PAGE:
GNFAC Avalanche Forecast for Fri Jan 31, 2020

Not the Current Forecast

Good Morning. This is Ian Hoyer with the Gallatin National Forest Avalanche Forecast on Friday, January 31st at 7:00 a.m. Today’s forecast is sponsored by Cooke City Super 8/Bearclaw Bob’s and Yellowstone Ski Tours. This forecast does not apply to operating ski areas.

Mountain Weather

This morning there is no new snow. Mountain temperatures are in the 20s and 30s F near Bozeman and Big Sky and single digits to teens F near West Yellowstone and Cooke City. Winds are 15-30 mph out of the west. Temperatures will rise into the high 20s to mid-30s F today. Winds will be southwesterly at 20-30 mph. Intermittent snow showers today won’t leave much accumulation. More substantial snowfall is expected Saturday night and into Sunday.

Snowpack and Avalanche Discussion

All Regions

The snowpack hasn’t gotten a real break from loading at any point during January. There were only two consecutive days without snowfall in the whole month (see the Weather Log for details). This steady, incremental loading hasn’t spiked the avalanche danger up, but it also hasn’t let it drop. Our whole forecast area has been stuck at a moderate danger rating for almost two weeks. Don’t let this lull you into complacency. Stay vigilant. Today, slides could break 1-3 ft deep under recent drifts, or much deeper on weak layers near the ground.

Yesterday, Alex triggered a wind slab avalanche near Cooke City from the safety of a flat ridgeline. The slide broke on a windloaded slope below him, 2-3 ft deep and 100 ft wide (video). Avalanches do not have to break down into the deeper weak layers to be large and dangerous. Alex saw widespread active wind loading yesterday and continued strong winds overnight built thicker and deeper drifts that you can trigger today. Avoid heavily wind loaded steep slopes.

Larger, deeper natural avalanches were seen yesterday in Hyalite and near Big Sky. The slide in Hyalite broke at least 5 feet deep on a windloaded slope near Mt. Bole (photo). An avalanche on Fan Mountain near Big Sky broke 1000 ft wide and to the ground (details). These slides clearly demonstrate that triggering very large avalanches remains possible. Weak snow at the ground is widespread and until it gets a real break from loading can’t be trusted.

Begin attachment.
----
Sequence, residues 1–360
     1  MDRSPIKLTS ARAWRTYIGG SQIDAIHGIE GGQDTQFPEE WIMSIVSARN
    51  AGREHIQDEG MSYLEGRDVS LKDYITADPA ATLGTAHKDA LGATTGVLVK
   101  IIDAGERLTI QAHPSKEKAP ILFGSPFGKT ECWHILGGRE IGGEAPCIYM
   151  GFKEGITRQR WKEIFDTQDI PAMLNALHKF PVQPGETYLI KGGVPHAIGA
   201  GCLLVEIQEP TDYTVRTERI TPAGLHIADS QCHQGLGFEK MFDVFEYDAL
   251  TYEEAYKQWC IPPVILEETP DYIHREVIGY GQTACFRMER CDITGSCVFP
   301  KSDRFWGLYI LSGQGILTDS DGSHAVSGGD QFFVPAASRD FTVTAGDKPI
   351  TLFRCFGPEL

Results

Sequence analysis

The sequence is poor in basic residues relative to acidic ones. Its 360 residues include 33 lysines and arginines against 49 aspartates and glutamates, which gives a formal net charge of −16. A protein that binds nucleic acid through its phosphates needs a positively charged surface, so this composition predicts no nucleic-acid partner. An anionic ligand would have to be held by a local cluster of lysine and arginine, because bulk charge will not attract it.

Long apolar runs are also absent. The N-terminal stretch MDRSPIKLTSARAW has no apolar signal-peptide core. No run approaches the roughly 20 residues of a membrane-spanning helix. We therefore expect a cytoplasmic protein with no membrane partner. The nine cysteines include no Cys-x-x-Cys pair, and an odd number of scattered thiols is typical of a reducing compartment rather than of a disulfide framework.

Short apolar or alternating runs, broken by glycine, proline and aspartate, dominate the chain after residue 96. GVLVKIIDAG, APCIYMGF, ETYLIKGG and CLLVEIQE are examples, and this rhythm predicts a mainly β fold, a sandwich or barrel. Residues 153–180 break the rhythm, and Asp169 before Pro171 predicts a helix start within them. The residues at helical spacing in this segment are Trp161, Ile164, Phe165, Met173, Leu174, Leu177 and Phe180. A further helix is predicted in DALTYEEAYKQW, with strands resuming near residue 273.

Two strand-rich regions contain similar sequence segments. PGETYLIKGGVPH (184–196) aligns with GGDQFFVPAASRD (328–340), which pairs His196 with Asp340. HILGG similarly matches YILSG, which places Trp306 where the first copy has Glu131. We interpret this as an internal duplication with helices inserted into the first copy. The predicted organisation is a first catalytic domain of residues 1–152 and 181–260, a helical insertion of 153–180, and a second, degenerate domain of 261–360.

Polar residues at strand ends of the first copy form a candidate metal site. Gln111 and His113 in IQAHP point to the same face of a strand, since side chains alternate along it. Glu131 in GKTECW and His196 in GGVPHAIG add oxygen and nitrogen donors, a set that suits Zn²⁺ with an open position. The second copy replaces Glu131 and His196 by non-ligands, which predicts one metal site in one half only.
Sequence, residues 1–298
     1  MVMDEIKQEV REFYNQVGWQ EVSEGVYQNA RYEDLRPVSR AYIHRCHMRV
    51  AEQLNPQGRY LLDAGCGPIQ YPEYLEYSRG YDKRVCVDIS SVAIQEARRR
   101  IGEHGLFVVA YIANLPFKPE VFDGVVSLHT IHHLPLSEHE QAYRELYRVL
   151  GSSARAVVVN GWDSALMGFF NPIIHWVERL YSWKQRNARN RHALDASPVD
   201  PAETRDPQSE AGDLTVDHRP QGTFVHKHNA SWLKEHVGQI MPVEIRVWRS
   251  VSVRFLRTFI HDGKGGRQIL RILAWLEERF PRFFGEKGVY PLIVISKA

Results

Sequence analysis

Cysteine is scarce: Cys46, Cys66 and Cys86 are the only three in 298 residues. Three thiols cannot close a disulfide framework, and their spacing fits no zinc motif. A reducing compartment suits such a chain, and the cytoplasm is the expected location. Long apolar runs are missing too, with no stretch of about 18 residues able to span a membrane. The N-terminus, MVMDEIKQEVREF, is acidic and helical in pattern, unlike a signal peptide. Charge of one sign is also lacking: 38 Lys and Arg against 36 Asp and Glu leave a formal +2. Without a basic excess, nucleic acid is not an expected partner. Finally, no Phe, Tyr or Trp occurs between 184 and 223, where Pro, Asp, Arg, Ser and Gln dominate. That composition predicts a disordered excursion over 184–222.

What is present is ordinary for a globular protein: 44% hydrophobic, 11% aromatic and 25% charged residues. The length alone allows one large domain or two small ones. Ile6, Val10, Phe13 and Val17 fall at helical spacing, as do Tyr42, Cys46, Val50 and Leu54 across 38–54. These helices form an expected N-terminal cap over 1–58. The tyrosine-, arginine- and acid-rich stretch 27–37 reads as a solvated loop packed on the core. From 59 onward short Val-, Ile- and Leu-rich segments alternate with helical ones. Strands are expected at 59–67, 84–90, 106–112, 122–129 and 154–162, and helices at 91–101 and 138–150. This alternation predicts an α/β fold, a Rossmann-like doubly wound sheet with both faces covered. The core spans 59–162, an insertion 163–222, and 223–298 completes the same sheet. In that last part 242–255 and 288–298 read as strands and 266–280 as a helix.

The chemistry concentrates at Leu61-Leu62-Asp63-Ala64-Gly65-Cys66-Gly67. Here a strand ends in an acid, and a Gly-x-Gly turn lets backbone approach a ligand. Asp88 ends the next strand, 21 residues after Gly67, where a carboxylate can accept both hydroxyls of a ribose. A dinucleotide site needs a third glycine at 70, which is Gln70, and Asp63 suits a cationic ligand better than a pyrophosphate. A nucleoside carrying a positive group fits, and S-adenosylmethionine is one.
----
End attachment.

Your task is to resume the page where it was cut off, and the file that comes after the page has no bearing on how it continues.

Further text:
For our entire forecast area, the avalanche danger is rated MODERATE.

If you get out, please send us your observations no matter how brief. You can fill out an observation form, email us (, leave a VM at 406-587-6984, or Instagram (#gnfacobs).

King and Queen of the Ridge at Bridger Bowl

Tomorrow, Saturday, February 1, is the King and Queen of the Ridge at Bridger Bowl! Come up and help us raise money by hiking and skiing laps on the ridge. Prizes, camaraderie and a good time are guaranteed. Register with Bridger to hike in the event and create a pledge page to raise funds with your Ridge laps.

Upcoming Avalanche Education and Events

Our education calendar is full of awareness lectures and field courses. Check it out and plan to attend one or two: Events and Education Calendar.


Every Friday and Saturday, Snowpack Update and Rescue Training. Friday, 6:30-7:30 p.m. at the Soda Butte Lodge. Saturday anytime between 10-2 @ Round Lake.


TOMORROW! February 1, King and Queen of the Ridge at Bridger Bowl (fundraiser). This is the Friends of the Avalanche Center’s second biggest fundraiser of the year. Help us raise money by hiking and skiing laps on the ridge. Prizes, camaraderie and a good time are guaranteed. Register with Bridger to hike in the event, and create a pledge page to raise funds with your Ridge laps.


TOMORROW! February 1, 1-hr Avalanche Awareness, 7-8 p.m. at West Yellowstone Holiday Inn.

The Last Word

See our mid-season snowpack summary for a review of the deep slab avalanche problem and general (conservative) travel advice.

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